The United States is likely to miss the Jan. 1 start of a global system of classifying products for tariff purposes, a prospect that has sparked an exchange of charges between the Reagan administration and Congress over who is to blame.

The administration, pressing to get legislation implementing the new system passed before Congress adjourns for the year, accuses the Democratic leadership of holding the measure hostage in an effort to get White House cooperation on the trade bill. Legislation implementing the system is part of the trade bill being worked out in a House-Senate conference, but action on the bill, expected to be completed by now, has been put off until early next year.

Republican and Democratic lawmakers, saying that it is too late in the session for Congress to act, accused administration trade officials of ignoring the tariff issue all year.

"They {administration officials} totally neglected it all year. We took the initiative to get it in the trade bill. All of a sudden they are in heat over it," said Senate Finance Committee Chairman Lloyd Bentsen (D-Tex.), who has borne the brunt of the administration's wrath.

Twenty-five members of the House Ways and Means Committee asked Chairman Dan Rostenkowski (D-Ill.) yesterday to move legislation approving the new tariff system. On the Senate side, Sens. Robert Packwood (R-Ore.), the ranking Republican on the Finance Committee, and Spark M. Matsunaga (D-Hawaii), the head of its trade subcommittee, have offered to try to get a unanimous consent agreement to allow consideration without any amendments. Packwood had asked Bentsen to include the new system in the continuing resolution or budget reconciliation measures.

Members of a broad coalition of business interests said they will be the losers in the delay. In letters sent to all members of Congress last week, the Joint Industry Group said the delay in joining the new global system, called the Harmonized Commodity Description and Coding System, will add to business costs and hurt the United States' ability to influence future changes. The system has been adopted by most major trading nations.

While the United States can join the system after Congress approves the legislation, administration officials and business leaders said a delay will keep this country from participating in the initial organizing meetings, which could set the tone for operation of the new system.

"The U.S. government and U.S. businesses have invested a lot of time and money in adapting to the new harmonized system," Alexander B. Trowbridge, president of the National Association of Manufacturers, said in a separate letter to senators. "If the harmonized system is not implemented on schedule, there will be additional expenses."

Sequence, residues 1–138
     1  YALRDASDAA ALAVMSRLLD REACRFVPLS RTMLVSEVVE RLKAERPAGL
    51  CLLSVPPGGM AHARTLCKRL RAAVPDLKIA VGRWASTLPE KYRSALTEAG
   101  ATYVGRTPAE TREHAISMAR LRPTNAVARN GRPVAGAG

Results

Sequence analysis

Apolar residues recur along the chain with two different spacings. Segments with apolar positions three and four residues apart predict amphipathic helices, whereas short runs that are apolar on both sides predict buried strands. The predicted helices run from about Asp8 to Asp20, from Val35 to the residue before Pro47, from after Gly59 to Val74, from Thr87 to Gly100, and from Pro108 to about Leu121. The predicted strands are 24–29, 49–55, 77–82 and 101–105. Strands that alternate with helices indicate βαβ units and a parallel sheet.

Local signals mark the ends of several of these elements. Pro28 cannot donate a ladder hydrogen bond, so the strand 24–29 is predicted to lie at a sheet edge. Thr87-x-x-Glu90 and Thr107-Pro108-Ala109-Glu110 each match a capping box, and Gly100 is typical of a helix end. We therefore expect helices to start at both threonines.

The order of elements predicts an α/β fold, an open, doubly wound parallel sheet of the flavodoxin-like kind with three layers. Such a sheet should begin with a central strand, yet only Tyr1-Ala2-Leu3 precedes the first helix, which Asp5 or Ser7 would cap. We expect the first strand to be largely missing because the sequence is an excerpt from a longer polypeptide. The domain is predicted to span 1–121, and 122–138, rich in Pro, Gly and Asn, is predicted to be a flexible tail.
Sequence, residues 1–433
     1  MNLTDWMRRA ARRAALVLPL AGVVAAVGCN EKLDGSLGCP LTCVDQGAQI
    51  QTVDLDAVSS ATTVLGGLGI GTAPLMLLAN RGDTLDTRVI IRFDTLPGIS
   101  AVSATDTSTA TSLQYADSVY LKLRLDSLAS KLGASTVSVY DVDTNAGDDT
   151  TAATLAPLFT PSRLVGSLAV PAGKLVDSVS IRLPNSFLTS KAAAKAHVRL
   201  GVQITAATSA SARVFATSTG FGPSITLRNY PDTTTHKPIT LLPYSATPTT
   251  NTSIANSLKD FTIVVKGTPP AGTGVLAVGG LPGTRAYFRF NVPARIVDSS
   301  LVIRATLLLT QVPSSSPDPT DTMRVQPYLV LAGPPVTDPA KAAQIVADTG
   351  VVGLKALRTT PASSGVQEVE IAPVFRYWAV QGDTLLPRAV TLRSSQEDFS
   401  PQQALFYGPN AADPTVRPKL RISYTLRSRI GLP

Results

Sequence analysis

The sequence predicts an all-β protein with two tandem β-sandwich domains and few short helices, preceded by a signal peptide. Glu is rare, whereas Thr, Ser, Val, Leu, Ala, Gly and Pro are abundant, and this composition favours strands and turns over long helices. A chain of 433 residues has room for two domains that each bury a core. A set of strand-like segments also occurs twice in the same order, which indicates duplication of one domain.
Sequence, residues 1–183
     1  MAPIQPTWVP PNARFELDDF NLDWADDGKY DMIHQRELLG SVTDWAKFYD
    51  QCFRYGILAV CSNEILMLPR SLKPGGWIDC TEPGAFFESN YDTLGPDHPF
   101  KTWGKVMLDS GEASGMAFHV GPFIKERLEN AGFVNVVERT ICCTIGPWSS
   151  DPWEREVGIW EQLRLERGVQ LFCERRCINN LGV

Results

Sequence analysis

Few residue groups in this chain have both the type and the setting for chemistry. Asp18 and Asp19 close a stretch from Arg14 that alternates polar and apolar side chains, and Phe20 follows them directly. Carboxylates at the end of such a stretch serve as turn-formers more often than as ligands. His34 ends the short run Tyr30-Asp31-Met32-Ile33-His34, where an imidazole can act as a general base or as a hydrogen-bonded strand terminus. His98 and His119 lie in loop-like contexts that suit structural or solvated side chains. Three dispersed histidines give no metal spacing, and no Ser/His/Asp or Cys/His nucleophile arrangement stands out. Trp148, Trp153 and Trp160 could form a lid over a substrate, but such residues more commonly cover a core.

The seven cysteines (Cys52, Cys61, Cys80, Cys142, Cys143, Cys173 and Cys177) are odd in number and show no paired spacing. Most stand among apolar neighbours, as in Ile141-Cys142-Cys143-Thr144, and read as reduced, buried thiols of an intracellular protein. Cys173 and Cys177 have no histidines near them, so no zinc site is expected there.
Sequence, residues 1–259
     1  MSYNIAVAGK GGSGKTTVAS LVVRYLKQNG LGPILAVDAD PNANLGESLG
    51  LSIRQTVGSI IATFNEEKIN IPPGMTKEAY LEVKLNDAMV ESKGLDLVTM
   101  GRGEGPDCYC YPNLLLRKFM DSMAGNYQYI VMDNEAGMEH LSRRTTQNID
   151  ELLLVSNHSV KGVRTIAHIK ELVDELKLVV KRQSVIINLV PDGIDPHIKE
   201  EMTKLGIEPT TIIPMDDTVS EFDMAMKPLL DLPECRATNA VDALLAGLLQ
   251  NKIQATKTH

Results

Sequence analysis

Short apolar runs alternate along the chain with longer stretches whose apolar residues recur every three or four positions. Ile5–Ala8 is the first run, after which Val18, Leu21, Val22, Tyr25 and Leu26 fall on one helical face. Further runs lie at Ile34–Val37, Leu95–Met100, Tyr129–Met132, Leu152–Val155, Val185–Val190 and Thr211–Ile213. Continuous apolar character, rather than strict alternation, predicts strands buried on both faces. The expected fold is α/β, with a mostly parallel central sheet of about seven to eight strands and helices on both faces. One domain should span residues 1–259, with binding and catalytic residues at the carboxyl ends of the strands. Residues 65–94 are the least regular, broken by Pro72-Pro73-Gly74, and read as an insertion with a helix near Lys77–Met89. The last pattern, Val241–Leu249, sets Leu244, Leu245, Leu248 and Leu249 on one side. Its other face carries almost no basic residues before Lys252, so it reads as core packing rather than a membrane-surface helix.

When House Speaker Jim Wright (D-Tex.) announced Nov. 19 that consideration of the trade bill would be delayed until early next year, administration officials started a low-key campaign to get Congress to remove the harmonized system from the bill so it could be passed on its own.

"Danny {Rostenkowski} and I both agree that it is too late to get it done," Bentsen said. The administration accused Bentsen of refusing to separate the harmonized system from the trade bill so he can use it to get President Reagan to sign the trade bill next year.

Other congressional trade specialists and some business leaders back Bentsen's view that the administration was slow to move on getting the harmonized system passed. The administration, for instance, didn't submit legislation until after the House had passed the trade bill, and sent a low-ranking official to testify before the Finance Committee.

"The administration really dawdled on this and now they are trying to blame us. If it had been up a year ago, it would have gotten to the floor," said a trade specialist for a House Democrat. The aide to a Senate Republican said, "All of a sudden they decided three weeks ago they want the harmonized system."

Assistant U.S. Trade Representative Roger Bolton said the administration adopted a low-key approach, working through business groups, to avoid a confrontation with Congress.

"Some people in Congress seem to think that the more the administration wants something the less likely they are willing to give it to us," Bolton said. He added that approval of the system is not something the administration wants but rather something business needs.